Microbiologists take pictures very often. Using different imaging techniques, they document experimental results and capture glimpses of the microbial world all around us. Whereas pictures of microorganisms can often and without doubt be considered artworks in themselves, when photography and microbiology meet unexpected outcomes can emerge. In this #FEMSmicroBlog entry, Deniz Tunalıer presents what the intersection of the two disciplines can bring to light, including a list of photography competitions for everyone to enter. #MicrobiologyInArt
Photography captures moments. It is not just about preserving memories – pictures can be used to inspire, fascinate, communicate, and educate. Photography is also a form of art, and – as so often when art and science intersect – when photography meets microbiology exciting things happen.
Making the invisible visible
Photomicrography, is the art and practice of photographing objects under a microscope. With the elements of light, composition, and subject, the microbiologist (artist?) chooses what to include in the frame and how to present the subject. Photomicrography can uncover the unseen beauty of the microbial world. This captured beauty is recognized by Nikon and their annual “Small World” competition (closing on April 30th).
Sometimes, it is not the minuscule world of microbes, but science itself what deserves to be more visible to the public, and here too can photography help, of course. In this case, the lens is focussed on the people doing the research (e.g. the Royal Photographic Society’s Woman Science Photographer of the Year), on the images they generate (as in the Swiss National Science Foundation (SNSF) Scientific Image Competition), or on making sure that pictures are accessible to a broad audience (e.g. the Wiki Science Competition).
These different initiatives and subjects have a common goal: to magnify the fascinating ways by which science and scientific research shine a light on the beauty of life.
Microorganisms to create photographs
Microbes are not only a great subject for photography, but can also be used to create pictures. Analog photography requires the use of various reagents to develop films. Artists might introduce bacteria during the development of analog photographs, for example by swabbing them on film or by adding bacterial solutions to reagents. Bacteria interact with the film and interfere with color layers as they grow and multiply. As a result, unique works of art are created, with unpredictable texture and colours.
Picture can also be composed in petri dishes. Artists exploit the growth of microorganisms to obtain the images they want to create. One colony equals one pixel, more or less. Agar Art is a well known example (with an early experimenter being Alexander Fleming himself!) where agar is the canvas and microorganisms are “living colours.” Instead of streaking microbes on a plate, artists might use bacteria or yeasts in bacteriographs or yeastograms. The approach is the same as in stenciling; only, the image is painted with a negative approach: the stencil filters a killing agent (like UV light), and areas without microoganisms are created, resulting in an image.
All these practices and experimentations fall within the realm of the BioArts. The artworks created are often ephemeral, either because the effects of the microorganisms are transient and unexpected, or (as in the case of yeastograms or of Agar Art) because the images disappear as the microorganisms grow.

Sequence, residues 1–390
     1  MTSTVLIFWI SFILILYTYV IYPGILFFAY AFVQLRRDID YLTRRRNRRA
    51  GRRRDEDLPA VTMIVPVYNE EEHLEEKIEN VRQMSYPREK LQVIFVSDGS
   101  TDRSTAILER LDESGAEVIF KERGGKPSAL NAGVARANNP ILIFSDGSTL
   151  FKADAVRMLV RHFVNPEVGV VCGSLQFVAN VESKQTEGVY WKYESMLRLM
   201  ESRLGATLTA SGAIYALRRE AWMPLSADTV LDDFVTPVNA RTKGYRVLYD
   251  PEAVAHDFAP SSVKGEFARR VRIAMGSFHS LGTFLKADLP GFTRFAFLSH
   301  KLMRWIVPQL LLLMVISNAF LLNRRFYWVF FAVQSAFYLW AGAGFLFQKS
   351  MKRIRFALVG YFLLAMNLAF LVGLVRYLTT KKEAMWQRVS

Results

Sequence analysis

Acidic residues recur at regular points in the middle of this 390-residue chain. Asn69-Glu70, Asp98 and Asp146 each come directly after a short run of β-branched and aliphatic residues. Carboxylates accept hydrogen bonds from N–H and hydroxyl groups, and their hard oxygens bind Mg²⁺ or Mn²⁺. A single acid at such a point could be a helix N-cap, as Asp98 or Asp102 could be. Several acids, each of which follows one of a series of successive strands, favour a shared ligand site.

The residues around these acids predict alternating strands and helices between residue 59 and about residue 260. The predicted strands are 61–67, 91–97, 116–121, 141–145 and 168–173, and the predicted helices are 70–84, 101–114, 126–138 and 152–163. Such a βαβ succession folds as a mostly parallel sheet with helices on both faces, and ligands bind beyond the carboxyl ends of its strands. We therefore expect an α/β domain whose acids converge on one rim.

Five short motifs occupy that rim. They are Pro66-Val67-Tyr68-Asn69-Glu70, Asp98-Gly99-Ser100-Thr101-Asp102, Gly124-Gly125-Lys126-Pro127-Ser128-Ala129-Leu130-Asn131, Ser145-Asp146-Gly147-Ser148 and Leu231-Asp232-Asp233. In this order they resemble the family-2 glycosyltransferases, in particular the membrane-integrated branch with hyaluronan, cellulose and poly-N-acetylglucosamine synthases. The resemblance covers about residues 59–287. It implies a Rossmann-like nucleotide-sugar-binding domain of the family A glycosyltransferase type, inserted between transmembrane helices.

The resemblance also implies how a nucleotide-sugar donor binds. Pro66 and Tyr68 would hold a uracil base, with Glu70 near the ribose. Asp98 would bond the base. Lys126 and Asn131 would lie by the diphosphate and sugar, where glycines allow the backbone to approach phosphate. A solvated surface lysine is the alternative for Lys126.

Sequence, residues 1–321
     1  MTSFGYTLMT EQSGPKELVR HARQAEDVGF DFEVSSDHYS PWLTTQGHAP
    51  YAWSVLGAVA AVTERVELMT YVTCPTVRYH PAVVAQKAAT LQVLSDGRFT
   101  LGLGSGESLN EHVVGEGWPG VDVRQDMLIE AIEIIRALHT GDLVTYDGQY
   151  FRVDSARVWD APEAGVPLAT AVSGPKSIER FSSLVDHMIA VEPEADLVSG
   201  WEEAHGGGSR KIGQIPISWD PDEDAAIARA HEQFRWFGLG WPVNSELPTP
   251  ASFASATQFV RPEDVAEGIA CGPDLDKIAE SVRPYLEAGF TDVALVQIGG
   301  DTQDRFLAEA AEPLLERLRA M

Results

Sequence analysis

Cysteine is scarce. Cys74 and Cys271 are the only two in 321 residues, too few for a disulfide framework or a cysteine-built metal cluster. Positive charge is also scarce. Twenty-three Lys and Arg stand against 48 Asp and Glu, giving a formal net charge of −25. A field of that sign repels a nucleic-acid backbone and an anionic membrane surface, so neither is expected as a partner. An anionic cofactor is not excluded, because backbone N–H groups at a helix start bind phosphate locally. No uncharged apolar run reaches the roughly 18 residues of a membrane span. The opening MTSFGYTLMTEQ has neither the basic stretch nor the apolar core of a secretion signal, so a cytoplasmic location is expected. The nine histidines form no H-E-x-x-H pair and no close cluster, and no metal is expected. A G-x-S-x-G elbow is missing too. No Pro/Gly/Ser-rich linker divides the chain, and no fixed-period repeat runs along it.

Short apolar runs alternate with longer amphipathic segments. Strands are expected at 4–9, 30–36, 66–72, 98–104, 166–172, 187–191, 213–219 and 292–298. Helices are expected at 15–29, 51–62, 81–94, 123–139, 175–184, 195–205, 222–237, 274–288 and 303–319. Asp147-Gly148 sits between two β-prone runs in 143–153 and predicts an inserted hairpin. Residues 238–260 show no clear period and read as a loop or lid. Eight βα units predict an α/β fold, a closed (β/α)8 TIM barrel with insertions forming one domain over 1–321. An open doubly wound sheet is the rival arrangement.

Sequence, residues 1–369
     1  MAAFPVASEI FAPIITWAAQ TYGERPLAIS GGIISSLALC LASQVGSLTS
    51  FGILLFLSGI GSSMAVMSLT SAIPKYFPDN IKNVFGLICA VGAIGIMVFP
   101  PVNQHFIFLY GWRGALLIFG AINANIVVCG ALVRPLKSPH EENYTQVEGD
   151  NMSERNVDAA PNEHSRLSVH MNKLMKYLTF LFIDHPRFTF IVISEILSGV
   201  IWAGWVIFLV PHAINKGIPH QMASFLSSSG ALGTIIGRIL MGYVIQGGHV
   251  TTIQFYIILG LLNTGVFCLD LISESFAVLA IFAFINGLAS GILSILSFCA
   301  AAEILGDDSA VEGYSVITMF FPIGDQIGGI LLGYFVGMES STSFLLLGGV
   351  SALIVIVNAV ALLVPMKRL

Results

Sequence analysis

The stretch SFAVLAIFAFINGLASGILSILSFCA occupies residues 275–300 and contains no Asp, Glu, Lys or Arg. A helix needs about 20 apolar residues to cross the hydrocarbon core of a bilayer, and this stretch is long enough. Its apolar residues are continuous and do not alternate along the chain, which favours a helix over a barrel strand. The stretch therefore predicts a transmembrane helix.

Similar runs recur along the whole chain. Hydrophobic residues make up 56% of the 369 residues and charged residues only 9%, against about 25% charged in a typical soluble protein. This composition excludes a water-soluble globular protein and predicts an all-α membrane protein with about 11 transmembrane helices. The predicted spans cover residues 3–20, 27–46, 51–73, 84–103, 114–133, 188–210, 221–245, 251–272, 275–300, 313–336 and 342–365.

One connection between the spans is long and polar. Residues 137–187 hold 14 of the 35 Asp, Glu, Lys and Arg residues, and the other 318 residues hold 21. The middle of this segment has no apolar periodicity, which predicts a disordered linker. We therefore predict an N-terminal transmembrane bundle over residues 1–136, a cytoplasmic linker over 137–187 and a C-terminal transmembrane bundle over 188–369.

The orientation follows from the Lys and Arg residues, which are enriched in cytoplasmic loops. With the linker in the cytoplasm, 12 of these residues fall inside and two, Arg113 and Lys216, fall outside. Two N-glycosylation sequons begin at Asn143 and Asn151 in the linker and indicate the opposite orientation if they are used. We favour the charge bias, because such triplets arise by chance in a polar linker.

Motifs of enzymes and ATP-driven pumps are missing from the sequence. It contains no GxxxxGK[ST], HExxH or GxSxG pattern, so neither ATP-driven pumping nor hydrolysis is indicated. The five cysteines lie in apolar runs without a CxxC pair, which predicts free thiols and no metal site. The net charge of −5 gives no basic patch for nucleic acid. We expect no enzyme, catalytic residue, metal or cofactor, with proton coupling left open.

In a broader sense, what unites artists (photographers) and scientists (microbiologists) is their need to work creatively. Microbiologists will continue benefitting from developements in photography; exploring photography as a mean to not only document and display in a rather strict scientific sense, but also to experiment and create in a more artistic approach will allow microbiologists and artists to reach a broad audience, and keep inspiring, fascinating, communicating, and educating using this medium.
Are you interested in participating to a photography competition on the subject of science images? Below is a list of annual photography competition at the intersection of microbiology (or science, more in general) and photography*
- Scientific Image Competition (Swiss National Science Foundation)
- The Royal Society Publishing Photography Competition (Royal Society)
- Wiki Science Competition (Wikimedia)
- Earth Science Week Photography Contest (American Geosciences Institute)
- Small World (Nikon)
- Woman Science Photographer of the Year (Royal Photographic Society)
- Ecology in Action (Ecological Society of Australia)
- The Art of Science Image Contest (Biophysical Society)
*For a list of more competitions, and details like participation criteria, categories, or deadline, see the organiser website or a summary on the Xcl table on this link. Some competitions are regional or open to scientists only!
Deniz Tunalıer obtained her BSc Food Engineering degree at Middle East Technical University (Turkey). She is currently a MSc student at METU and working on determining the relation between Salmonella and host interaction.
About this blog section
The section #MicrobiologyInArt will present examples of microbiology in literature, cinema, comic books, songs, graphic art, modern/contemporary art, video(games), photography, dance, and others. A particular focus is on what could people learn from those examples, or how they can raise awareness on microbiology topics, issues, and potentials.